Academic journal article African American Review

The Case of Rihanna: Erotic Violence and Black Female Desire

Academic journal article African American Review

The Case of Rihanna: Erotic Violence and Black Female Desire

Article excerpt

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The November 2011 issue of Esquire magazine declares Rihanna "the sexiest woman alive." On the cover, Rihanna poses nude with one leg propped, blocking view of her breast and crotch. The entertainer stares out provocatively, with mouth slightly ajar. Seaweed clings to her glistening body. A small gun tattooed under her fight arm directs attention to her partially revealed breast. Rihanna's hands brace her body, and her nails dig into her skin. The feature article and accompanying photographs detail the hyperbolic hotness of the celebrity; Ross McCammon, the article's author, acknowledges that the pop star's presence renders him speechless and unable to keep his composure. Interwoven into anecdotes and narrative scenes explicating Rihanna's desirability as a sexual subject are her statements of her sexual appetite and the pleasure that she finds in particular forms of sexual play that rehearse gendered power inequity and the titillation of pain.

That Rihanna's fight arm is carefully positioned both to show the tattoo of the gun aimed at her breast, and that her fingers claw into her flesh, commingle sexual pleasure and pain, erotic desire and violence. Here and elsewhere, Rihanna employs her body as a stage for the exploration of modes of violence structured into heterosexual desire and practices. The biographical details of Rihanna as one who has suffered at the hands of her lover offer a referent for the suggestive violence of the magazine cover image, one that resonates from the realm of fantasy. The knowledge of her assault by boyfriend Chris Brown heightens the risks involved in her pursuit of forms of attachment and pleasure; it also registers with heteronormative male fantasies of what can be done to her body under the rubric of consent.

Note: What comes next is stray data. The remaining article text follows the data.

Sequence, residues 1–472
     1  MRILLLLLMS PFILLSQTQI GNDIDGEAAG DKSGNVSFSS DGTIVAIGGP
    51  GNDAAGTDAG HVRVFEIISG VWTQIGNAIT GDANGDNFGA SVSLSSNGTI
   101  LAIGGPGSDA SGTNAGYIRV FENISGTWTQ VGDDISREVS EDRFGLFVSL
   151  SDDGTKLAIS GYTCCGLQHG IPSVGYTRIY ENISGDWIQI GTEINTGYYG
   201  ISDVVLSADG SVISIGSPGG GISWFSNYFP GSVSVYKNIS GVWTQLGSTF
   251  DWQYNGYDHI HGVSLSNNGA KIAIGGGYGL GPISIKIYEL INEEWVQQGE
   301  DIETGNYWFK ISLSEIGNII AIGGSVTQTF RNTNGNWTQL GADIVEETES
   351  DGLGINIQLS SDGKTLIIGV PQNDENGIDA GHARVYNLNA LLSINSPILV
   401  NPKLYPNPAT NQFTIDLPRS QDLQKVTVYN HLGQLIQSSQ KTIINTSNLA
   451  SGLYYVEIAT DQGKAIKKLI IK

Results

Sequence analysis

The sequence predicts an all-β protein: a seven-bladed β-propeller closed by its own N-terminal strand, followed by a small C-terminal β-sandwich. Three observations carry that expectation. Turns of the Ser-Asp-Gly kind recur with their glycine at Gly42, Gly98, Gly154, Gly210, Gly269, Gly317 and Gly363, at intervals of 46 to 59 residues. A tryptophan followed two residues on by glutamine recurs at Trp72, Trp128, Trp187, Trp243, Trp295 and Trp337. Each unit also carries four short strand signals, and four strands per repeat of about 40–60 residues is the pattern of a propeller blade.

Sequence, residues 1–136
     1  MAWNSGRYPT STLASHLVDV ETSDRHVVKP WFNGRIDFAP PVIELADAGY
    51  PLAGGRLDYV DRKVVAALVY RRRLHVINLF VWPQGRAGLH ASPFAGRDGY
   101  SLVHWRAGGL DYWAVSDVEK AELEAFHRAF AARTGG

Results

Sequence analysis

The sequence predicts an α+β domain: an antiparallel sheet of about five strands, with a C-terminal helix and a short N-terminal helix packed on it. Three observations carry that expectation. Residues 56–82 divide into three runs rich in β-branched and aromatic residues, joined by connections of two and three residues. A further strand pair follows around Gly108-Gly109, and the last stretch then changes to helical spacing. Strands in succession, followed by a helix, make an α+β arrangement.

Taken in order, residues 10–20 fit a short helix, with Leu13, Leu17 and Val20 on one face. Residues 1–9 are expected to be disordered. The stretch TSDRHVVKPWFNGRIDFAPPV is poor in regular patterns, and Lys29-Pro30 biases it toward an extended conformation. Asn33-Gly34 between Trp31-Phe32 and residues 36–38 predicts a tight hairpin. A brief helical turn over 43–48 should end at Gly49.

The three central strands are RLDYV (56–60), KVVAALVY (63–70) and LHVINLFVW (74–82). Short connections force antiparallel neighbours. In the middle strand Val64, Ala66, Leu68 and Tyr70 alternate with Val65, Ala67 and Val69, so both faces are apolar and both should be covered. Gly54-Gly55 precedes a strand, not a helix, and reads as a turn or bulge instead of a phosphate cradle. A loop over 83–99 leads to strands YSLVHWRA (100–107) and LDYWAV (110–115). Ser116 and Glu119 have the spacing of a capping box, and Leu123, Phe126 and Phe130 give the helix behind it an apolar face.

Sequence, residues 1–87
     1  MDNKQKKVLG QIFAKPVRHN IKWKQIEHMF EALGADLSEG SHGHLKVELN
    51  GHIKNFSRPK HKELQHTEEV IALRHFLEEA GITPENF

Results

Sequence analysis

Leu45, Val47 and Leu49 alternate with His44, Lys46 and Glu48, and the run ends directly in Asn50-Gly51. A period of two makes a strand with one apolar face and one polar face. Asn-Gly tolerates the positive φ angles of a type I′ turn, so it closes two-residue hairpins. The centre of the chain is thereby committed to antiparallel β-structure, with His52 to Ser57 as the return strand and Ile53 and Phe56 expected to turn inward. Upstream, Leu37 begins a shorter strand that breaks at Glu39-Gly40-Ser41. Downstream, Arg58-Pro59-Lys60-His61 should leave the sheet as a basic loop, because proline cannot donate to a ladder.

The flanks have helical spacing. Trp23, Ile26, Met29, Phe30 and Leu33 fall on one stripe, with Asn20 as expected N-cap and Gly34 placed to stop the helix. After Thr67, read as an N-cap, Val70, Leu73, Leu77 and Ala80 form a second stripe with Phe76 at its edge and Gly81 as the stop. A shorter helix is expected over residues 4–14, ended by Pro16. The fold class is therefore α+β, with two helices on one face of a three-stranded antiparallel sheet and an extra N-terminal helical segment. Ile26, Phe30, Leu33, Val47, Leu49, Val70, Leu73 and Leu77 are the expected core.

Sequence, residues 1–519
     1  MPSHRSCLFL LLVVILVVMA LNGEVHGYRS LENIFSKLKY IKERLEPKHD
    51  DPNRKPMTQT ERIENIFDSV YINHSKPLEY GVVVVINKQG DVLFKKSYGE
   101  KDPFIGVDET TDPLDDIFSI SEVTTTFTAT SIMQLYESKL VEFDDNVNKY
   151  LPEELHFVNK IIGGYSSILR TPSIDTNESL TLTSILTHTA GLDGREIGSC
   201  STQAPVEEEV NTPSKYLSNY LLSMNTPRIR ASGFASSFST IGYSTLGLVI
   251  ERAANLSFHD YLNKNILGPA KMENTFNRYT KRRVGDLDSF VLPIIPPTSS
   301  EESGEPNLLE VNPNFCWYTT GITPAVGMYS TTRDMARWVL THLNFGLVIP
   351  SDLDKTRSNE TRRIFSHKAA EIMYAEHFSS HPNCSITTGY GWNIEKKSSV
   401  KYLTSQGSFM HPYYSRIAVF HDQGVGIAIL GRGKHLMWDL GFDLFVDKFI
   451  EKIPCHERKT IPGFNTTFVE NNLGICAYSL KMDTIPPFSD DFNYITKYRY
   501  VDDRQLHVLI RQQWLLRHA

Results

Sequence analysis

Esquire's feature explicitly creates an exchange with another highly circulated image of Rihanna. It is a photograph of the singer, beaten and bruised, after her much publicized assault in 2009, on the eve of the Grammy Awards, by R&B singer Brown when she was twenty-one and he nineteen. The gossip site TMZ.com, which shot the photograph that was used in the police investigation, was widely criticized for releasing it. Yet the criticism of TMZ.com served as an opportunity for more "legitimate" news sources to re-release the image, describe it in detail, and comment on the physical injuries that Rihanna sustained. In the photograph, Rihanna's eyes are closed, which Sarah Projansky interprets as Rihanna's refusal to participate in the dominant narrative of racialized and gendered violence. Projansky writes: "While commentators expressed shock, that shock worked--along with the graphic representations--to intensify the (image of) violence done to a woman of color. In short, this photograph is a reminder of the cavalier way U. S. popular culture treats violence against women of color. Might Rihanna have closed her eyes in order not to see this mediated, racialized violence--again?" (Projansky 72). Projansky also argues that Rihanna's closed eyes can be seen as a strategy of producing privacy by not returning the gaze of the audience.

Another strategy that the artist and her producers took in the months after her assault was to cultivate a deliberate image and sound for the artist that incorporated acts of violence in intimate relations and sexual practices, at times explicitly referencing her relationship with Brown and the psychic and physical injuries resulting from it. Rihanna's references to violence include the injuries caused by Brown as well as the media and public's handling of the assault. Rihanna's injured body took on heightened eroticism through incessant revelation of more details about the incident itself and speculation about what led to it. The singer's strategy of incorporation, instead of denying or minimizing the incident, served as a highly successful commercial venture that has only increased her appeal and success as a mainstream pop star. …

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